Wednesday, November 02, 2011

how engaged are we, exactly?

I've mentioned a couple of times now the Ontario Arts Council's recently released report on arts engagement in Ontario. It is a statistical analysis by the research firm WolfBrown, based on a commissioned Ipsos Reid survey of 1,594 Ontarians (interviewed by telephone) of just how, how much, and how frequently we engage with the cultural arts in the course of our lives.

The study also records our own ranking of the importance of this engagement to us - a measure the survey report calls salience. As a new lens for observing the cultural sector in which I've been working for my entire professional life, I find this report endlessly fascinating and encouraging.

Most gratifying, of course, is the key finding, which shows "the multifaceted and pervasive nature of arts engagement throughout Ontario." With engagement percentages at 99% and 98% for some activities, it's clear that the professional arts are woven into this province's* cultural DNA.

Less clear is what we as professional artists and arts presenters can do with the information this report presents to us. For instance, another of the key findings has to do with location of arts engagement, and it shows rather convincingly that Ontarians do most of their engaging with the arts in their own homes. What does this finding mean for those arts presentations that traditionally require people to leave their homes, art forms like theatre and dance. Do we fight Ontario's nesting tendency around the arts, or do we embrace it and try to work with it?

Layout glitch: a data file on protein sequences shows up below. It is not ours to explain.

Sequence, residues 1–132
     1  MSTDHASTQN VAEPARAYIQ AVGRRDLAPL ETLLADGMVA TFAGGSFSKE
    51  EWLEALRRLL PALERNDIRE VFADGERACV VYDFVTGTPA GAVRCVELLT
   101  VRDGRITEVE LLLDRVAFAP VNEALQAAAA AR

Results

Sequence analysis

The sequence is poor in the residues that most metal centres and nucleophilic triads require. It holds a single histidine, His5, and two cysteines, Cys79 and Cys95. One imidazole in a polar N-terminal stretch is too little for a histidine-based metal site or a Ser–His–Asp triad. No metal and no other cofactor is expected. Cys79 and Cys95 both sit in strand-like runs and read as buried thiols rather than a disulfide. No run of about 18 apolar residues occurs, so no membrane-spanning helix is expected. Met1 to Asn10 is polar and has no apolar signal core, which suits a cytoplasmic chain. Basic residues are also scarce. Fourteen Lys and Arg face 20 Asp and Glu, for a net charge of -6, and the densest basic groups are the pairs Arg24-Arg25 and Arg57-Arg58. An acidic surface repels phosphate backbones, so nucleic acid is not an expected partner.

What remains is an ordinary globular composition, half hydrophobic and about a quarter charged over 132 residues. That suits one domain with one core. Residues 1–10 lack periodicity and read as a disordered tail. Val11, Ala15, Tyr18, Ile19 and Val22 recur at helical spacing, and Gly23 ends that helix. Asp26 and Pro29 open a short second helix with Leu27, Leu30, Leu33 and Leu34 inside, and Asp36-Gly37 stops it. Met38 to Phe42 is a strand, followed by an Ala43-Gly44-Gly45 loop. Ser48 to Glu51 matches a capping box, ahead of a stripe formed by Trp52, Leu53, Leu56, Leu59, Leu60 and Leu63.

The report also raises interesting questions about the relationships between professional and amateur arts practices, and the effect of "popular culture" presentation on what might be considered the more "traditional" arts. What exactly does the soaring popularity of television shows like So You Think You Can Dance, Canada mean for professional  dance artists and presenters?

We at the Ontario Arts Council have been talking about this report with our artistic communities since its release, and we'll likely be talking about it for years to come. I welcome personal observations here as well. The full report is at this link, and a summary is here. As well, you can watch the full (almost two-hour long) presentation of the findings by Alan Brown (partner at WolfBrown), just by clicking play on the embedded video above.

Tell me what you think. If you're not a cultural worker, what does this study tell you about your own engagement with culture? If you are a cultural worker, what does it suggest to you about your practice and your audience?

As always... genuine, respectful, insightful comments and questions from real people are welcome.

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*For non-Ontarian readers of this blog, some context - Ontario is Canada's most populous province and second-largest geographically (I travel throughout Ontario regularly - it's huge!). According to recent government analysis, "Ontario’s population is projected to experience healthy growth over the next 26 years, rising 34.4 per cent, or over 4.5 million, from an estimated 13.2 million on July 1, 2010 to 17.7 million by July 1, 2036." Watch the fabulous Molly Johnson sing Ontario's praises here.

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